By Benjamin Parkin, Senior Contributing Reporter

RIO DE JANEIRO, BRAZIL – The metro strike that left the city of São Paulo largely paralyzed on Thursday continues, with no agreement reached between the Metro Workers’ Union and the São Paulo Metro. However, four new stations opened on Friday afternoon, raising the total number of functioning stations to 35 out of a total of 61.

Protesters on the metro, Brazil, Brazil News
Protesters on the metro, photo by Valter Campanato/Agência Brasil.

The Union is will be fined as much as R$100,000 per day after the Justice Ministry ruled that the metro had to operate at hundred percent capacity during peak hours, with at least seventy percent of the stations open off-peak.

Amidst the strike, which closed four of six metro lines yesterday, São Paulo – already notorious for its traffic – broke records for the most congestion. On Friday morning at 10:30 AM, there was 252 km of traffic in the city.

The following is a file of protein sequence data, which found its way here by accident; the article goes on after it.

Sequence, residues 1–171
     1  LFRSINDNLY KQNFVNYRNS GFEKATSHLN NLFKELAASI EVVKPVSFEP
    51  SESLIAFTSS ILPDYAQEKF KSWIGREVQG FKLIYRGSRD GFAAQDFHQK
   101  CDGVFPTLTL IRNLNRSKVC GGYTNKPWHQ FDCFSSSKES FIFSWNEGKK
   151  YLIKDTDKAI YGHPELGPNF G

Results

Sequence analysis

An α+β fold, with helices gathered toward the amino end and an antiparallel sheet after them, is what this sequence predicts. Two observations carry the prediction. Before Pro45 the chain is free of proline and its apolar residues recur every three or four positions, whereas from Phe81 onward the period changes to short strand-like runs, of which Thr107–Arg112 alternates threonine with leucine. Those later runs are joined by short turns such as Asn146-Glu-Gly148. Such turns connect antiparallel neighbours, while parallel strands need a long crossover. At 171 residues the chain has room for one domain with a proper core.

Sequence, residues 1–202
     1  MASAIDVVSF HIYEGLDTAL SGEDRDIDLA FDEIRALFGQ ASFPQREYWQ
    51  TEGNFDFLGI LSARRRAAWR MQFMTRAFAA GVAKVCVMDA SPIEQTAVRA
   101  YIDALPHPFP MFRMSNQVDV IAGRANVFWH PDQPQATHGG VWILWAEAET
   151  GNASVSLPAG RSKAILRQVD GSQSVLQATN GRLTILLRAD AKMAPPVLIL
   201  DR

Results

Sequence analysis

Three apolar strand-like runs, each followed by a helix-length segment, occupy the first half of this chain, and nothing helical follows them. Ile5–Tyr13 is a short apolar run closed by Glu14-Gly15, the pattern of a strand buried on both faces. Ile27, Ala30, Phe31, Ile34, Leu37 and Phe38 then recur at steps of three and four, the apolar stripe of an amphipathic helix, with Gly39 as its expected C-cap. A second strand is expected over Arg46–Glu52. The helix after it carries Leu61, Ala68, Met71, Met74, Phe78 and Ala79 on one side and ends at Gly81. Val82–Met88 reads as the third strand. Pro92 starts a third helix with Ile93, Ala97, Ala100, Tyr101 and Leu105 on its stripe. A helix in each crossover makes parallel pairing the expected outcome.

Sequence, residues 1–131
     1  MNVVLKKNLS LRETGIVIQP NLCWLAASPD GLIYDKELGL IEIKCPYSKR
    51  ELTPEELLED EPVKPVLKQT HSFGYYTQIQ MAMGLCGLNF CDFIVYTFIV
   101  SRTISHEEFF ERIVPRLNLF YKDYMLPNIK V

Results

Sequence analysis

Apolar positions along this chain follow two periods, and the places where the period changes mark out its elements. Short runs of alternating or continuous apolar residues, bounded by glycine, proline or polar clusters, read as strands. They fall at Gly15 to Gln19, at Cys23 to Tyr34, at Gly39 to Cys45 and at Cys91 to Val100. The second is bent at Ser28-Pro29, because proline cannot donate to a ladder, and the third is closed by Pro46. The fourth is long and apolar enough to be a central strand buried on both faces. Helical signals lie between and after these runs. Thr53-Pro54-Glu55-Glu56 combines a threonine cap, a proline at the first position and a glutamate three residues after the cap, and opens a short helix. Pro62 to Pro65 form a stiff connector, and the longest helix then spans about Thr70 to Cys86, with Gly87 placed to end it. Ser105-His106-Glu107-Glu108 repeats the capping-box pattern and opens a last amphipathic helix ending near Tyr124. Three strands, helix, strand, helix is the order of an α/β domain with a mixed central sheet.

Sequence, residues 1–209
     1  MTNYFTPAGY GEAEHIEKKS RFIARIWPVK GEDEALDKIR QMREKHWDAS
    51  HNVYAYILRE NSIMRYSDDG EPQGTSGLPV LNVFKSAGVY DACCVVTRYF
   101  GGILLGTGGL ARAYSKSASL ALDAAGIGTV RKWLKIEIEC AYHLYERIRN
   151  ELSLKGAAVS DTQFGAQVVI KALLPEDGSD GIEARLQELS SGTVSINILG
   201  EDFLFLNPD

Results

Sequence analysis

The Union is demanding a 12.2 percent salary rise, reduced from an initial 35.47 percent. However, the São Paulo Metro is only offering 8.7 percent, raised from 5.2 percent.

The Military Police were criticized for violently dispersing striking workers with rubber bullets and tear gas in Ana Rosa metro station, early on Friday morning. The Military Police defended the actions, stating that they were “acting in defense of the rights of metro users … were it not for the Military Police, [the station] would be closed, and its users without transportation.”

This adds to the transportation turmoil as just over a week ago as many as a quarter of a million people have been left without bus service in greater São Paulo following a strike by bus drivers and operators. Striking employees of bus company Mobibrasil in Osasco, west of São Paulo, blocked bus garages and prevented 182 of 198 of the region’s municipal buses from operating.

The 2014 World Cup is set kick-off in São Paulo on Thursday, June 12th, at 5PM local time with the hosts facing eastern European nation Croatia. The game will be played at the Arena Corinthians in São Paulo, a brand new stadium built for the FIFA World Cup.

Read more (in Portuguese).

* The Rio Times Daily Updates feature is offered to help keep you up-to-date with important news as it happens.



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